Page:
Speaking to the essence of photography as a medium bound to the attempt to arrest the fleeting moment, Corson-Scott at 31 years of age remains resolutely insistent on the use of analogue film and ‘old-fashioned’ 8×10 view-camera as critical to the aesthetic of his work.
Producing evocative images remarkable for their unsettling juxtapositions of historic industry within the reclaiming natural world, Corson-Scott captures the remnants of industrial behemoths on which the prosperity of New Zealand was formed. Now decayed and largely forgotten, but uncovered by diligent research and multi-day hikes lugging an 8 x 10 camera, the artist calls our attention to the past reality before it disappears entirely, and reminds us of our collective dependence upon and necessary care of the natural world. Corson-Scott’s deep understanding of the behaviour and capture of light remains the equivalent subject to the significance of forgotten historical sites. More pertinent than ever, his new work resolutely reflects ‘New Zealand’ while speaking conceptually to a contemporary global discourse.
Trish Clark Gallery was pleased to present Chris Corson-Scott’s third solo exhibition in June 2017, Dreaming in the Anthropocene, a rich suite of new works presented as an Auckland Festival of Photography keynote exhibition under the thematic: Identity.
His extended exploration of New Zealand’s South Island yielded images with evocations of seafaring and trade, land-based industries and the historical basis of New Zealand’s wealth. The toll of time and nature is married with that of human action, the raw face of industry is juxtaposed with artistic endeavor, and the velocity of nature with that of factory production.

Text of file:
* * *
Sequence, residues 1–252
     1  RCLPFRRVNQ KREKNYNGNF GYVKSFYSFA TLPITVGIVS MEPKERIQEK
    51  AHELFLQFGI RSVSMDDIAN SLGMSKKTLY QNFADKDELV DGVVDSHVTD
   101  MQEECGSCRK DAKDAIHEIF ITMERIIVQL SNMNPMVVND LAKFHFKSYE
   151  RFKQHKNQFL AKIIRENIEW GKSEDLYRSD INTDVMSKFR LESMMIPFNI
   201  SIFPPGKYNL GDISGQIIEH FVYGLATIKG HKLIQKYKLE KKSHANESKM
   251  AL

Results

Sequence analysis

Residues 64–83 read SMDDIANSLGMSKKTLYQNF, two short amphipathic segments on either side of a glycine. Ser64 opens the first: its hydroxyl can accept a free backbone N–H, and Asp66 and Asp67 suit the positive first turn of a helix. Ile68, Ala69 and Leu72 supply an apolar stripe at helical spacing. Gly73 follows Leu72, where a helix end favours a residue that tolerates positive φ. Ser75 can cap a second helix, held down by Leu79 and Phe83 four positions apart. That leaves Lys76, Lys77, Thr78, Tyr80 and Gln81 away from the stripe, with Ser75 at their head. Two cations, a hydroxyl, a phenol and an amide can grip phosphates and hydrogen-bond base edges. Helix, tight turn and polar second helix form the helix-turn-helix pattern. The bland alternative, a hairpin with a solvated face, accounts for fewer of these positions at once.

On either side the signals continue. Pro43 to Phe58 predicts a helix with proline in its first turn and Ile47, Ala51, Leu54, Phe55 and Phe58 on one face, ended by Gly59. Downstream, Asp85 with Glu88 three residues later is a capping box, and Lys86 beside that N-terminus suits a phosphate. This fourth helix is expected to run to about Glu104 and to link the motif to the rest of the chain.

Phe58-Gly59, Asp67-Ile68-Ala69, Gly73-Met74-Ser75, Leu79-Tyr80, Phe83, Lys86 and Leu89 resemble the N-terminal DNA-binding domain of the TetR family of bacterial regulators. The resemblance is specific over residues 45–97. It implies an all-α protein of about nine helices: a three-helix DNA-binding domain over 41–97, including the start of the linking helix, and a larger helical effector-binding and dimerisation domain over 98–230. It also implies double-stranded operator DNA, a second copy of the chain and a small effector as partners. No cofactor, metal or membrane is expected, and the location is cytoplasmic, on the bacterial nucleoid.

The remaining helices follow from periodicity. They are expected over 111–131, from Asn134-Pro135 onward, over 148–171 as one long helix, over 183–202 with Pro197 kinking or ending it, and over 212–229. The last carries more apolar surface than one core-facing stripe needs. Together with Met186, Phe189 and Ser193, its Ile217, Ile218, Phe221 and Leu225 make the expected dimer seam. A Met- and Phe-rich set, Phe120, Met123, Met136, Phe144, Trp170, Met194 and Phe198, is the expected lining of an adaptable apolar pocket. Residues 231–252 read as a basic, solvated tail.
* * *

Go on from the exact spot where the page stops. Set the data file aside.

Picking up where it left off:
Corson-Scott has exhibited widely in New Zealand and internationally. Exhibitions include The Devil’s Blind Spot (2016-17) at Christchurch Art Gallery; Kinder’s Presence (2013-14) at Auckland Art Gallery Toi O Tamaki; History in the Taking: 40 Years of PhotoForum (2014) at The University of Auckland’s Gus Fisher Gallery; Photo 14, Maag Halle, Zurich, Switzerland; My Place (2013) Pingyao International Photography Festival, China; Recent Auckland Photography (2013) at North Art; and solo exhibitions at Photospace Gallery, Wellington; the artist-run space Snake Pit, New Photographs (2012); and Photographs (2011) at Wallace Art Centre. With art historian Edward Hanfling he is the co-author of Pictures They Want to Make: Recent Auckland Photography (Photoforum, Auckland: 2013).
Key Collections include Auckland Art Gallery Toi o Tamaki, Auckland; Chartwell Collection at Auckland Art Gallery Toi o Tamaki, Auckland; Christchurch Art Gallery Te Puna O Waiwhetu; Wallace Arts Trust, Auckland; NZ Ministry of Foreign Affairs and Trade.
Corson-Scott lives and works in Auckland, New Zealand.